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"In My Life"

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In 1977 Joseph Brooks made a splash with his award winning song "You Light Up My Life," a tune which was written for the film of the same name. It was a film which Brooks wrote, directed and produced. Now, Brooks is once again donning multiple hats, this time with a new Broadway musical called "In My Life." How does he fare? NY1 Contributing Critic David Cote of Time Out New York filed this review.

In Joseph Brooks's deeply strange romantic fable “In My Life,” God is a jingle writer. That concept would be disturbing enough on its own, but if you consider that Brooks - who wrote, composed, produced and directed his Broadway debut - once had a lucrative career composing jingles for Volkswagen and Dr. Pepper, the idea also seems creepy.

Delusions of grandeur clearly helped the making of this awkward musical, in which characters fall in love with no chemistry, suffer without arousing pity, and die with no other consequence than relief. Theater fans disgusted by shows made by committee should be careful what they wish for: “In My Life” is the sound of one man flopping.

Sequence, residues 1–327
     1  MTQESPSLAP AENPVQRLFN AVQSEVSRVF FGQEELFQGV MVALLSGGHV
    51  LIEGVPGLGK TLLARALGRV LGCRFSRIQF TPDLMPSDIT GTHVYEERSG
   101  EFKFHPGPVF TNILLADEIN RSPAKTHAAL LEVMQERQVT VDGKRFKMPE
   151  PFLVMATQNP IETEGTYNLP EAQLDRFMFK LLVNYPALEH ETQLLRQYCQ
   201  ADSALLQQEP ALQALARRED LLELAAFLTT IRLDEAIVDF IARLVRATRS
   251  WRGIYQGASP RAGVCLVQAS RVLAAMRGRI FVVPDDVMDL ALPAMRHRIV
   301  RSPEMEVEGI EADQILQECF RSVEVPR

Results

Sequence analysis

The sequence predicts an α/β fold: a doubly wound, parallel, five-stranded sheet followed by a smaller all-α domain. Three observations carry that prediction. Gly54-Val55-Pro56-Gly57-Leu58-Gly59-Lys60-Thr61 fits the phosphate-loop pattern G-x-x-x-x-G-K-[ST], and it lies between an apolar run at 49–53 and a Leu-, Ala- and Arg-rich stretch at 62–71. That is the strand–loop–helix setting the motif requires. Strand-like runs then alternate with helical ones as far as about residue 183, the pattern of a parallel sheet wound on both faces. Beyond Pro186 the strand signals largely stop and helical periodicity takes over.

The bizarre plot takes place on two levels; heaven and earth. On earth, we follow the sudden and unconvincing affair between J.T, a songwriter with tourette's syndrome, and Jenny, a perky newspaper editor. In heaven, the flamboyant angel Winston has been assigned to direct something called "God's Opera."

Winston decides to make J.T. and Jenny the subjects of said opera. Brooks also throws in pirates, the ghosts of dead children, dancing skeletons, and a brain tumor that is supposed to evoke sympathy for our doomed couple.

Excellent sets by Allen Moyer, fine costumes by Catherine Zuber and earnest acting by Christopher J. Hanke, Jessica Boevers - not to mention the shamelessly hammy David Turner - cannot improve Brooks's idiotic dialogue or his score, bloated with generic ballads and soft rock. “In My Life” isn't the worst musical in recent memory — “Brooklyn” and “Good Vibrations” have that honor - but it is the most tedious and unnecessary.

Who, exactly, is supposed to care about the quirky romance between J.T. and Jenny? Are the scenes in heaven supposed to be meaningful? Is the giant lemon that drops down at the end supposed to move us? God, or Joseph Brooks, only knows.

Even considering how tacky and pointless it is, “In My Life” is still not the spectacular turkey it might have been. It comes across as highly expensive amateur theater that only proves how difficult it is to make a good musical.

Finally, no amount of money can turn this lemon into lemonade.

- David Cote
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